The invention is therefore based on the objective of creating a process and a device of the type mentioned at the beginning, which at comparatively low design cost ensures a considerably quicker and simultaneously reliable alignment of the cable ends.
The aforementioned objective is solved in terms of processing in that initially only the angular distance from the first angle of rotation position is measured by means of mechanical scanning in a measuring station where the cable end is firmly held and then the cable end is brought into an aligning station and to the first angle of rotation position by a movement of translation and a rotational movement through the measured angular distance, and subsequent to colour identification is turned further by a certain angle where required.
The invention offers the advantage that for all alignment processes the transition to a particular position of the cores, initially independent of their colour, has to be achieved once only from an incidental angle of rotation position, whereby the cable does not even have to be stopped with continuous measurement more or less imprecisely in the reference position during turning, because the measurement of the angular deviation from the reference position proposed in compliance with the invention takes place without rotation of the cable and is a self-contained process. Subsequent to this only defined rotational movements of the cable follow, namely from the incidental starting position to the first defined angle of rotation position, and where required from there onwards incrementally further by the angular pitch until the cores of a certain colour are located in certain positions.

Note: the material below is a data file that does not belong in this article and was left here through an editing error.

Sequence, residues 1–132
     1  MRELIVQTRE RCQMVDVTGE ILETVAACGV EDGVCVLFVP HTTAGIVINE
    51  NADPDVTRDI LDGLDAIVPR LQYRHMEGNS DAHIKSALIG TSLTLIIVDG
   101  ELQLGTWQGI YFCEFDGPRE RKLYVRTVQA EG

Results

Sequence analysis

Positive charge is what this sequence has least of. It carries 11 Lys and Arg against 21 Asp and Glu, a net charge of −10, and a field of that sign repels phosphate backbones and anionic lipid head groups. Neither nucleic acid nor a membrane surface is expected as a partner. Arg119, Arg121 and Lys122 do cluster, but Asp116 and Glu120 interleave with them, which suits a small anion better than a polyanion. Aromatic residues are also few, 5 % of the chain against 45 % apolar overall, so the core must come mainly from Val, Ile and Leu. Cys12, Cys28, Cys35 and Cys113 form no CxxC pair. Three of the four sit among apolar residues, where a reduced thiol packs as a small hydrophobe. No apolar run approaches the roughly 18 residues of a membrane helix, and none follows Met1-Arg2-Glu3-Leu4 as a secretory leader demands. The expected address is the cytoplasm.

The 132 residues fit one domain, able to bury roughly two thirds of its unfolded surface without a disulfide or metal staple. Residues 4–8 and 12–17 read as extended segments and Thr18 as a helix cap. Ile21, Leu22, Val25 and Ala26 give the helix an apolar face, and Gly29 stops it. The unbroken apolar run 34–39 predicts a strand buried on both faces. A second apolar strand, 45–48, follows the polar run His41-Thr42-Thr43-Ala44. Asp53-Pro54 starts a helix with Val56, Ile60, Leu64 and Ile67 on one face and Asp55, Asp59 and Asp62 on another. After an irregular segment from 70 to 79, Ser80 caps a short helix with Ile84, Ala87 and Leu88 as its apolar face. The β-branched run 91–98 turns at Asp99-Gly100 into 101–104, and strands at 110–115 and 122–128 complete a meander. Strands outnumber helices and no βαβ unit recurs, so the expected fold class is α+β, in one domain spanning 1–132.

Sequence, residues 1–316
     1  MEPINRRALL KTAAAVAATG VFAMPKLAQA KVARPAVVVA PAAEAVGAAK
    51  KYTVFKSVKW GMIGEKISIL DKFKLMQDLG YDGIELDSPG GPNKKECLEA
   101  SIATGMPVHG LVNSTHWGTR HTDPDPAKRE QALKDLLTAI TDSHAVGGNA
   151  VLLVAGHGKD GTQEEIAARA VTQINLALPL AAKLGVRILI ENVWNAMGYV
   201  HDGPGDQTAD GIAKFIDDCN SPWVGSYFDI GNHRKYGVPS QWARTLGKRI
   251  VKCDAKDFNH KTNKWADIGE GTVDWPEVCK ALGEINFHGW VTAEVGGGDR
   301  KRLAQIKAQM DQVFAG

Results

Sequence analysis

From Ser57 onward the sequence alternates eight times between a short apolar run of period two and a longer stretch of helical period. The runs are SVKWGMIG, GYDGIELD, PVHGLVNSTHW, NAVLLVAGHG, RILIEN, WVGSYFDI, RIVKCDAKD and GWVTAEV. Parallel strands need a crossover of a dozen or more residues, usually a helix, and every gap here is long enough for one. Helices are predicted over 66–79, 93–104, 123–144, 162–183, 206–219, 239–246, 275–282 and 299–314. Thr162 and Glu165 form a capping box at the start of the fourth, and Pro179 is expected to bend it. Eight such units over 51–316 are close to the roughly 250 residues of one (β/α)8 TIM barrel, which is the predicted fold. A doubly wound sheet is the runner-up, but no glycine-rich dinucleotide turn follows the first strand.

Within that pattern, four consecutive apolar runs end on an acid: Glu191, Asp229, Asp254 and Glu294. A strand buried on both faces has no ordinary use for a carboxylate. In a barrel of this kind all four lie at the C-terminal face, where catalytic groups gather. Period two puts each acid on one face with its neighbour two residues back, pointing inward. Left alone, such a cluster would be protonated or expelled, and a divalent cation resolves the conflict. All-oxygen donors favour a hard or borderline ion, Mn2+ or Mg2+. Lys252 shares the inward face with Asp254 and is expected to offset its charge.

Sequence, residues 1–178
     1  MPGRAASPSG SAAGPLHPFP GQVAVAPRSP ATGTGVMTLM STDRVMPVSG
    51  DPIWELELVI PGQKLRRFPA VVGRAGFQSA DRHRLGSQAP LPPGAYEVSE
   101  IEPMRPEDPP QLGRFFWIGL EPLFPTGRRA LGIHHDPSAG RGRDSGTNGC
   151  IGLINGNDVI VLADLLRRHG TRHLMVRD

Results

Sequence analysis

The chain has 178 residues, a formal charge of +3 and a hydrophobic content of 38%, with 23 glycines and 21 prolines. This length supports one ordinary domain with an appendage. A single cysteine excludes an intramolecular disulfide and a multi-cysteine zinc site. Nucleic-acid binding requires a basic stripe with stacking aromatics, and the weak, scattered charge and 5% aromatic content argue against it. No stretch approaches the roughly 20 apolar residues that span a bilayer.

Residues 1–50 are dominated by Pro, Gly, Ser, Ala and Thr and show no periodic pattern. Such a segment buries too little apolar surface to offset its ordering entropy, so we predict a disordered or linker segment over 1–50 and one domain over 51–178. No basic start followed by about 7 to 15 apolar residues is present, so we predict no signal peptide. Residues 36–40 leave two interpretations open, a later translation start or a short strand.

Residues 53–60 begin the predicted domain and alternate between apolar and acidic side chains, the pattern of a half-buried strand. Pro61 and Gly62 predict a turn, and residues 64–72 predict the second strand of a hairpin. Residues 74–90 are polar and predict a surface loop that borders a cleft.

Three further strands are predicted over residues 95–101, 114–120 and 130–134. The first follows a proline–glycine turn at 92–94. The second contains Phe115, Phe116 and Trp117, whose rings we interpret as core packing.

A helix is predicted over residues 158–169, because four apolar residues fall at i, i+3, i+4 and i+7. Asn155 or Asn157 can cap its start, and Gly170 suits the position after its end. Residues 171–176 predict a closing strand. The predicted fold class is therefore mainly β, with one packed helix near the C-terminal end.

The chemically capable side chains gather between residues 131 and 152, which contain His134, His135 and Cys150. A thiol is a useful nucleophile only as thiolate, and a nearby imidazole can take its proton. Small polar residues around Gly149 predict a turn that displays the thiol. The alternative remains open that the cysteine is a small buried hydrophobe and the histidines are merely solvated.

The possibility exists that subsequent to the measurement of the angular deviation from the first defined angle of rotation position the cable is turned whilst still in the measuring station by the angular deviation to this defined angle of rotation position. This rotational process can also take place on the conveying path from the measuring station to the alignment station so that only those rotational movements which are necessary in accordance with the colour identification processes still have to be performed there. However, a process is preferred in which the turning of the cable end also takes place from the incidental starting position to the first defined angle of rotation position in the alignment station, because a device for the turning of the cable is needed there anyway.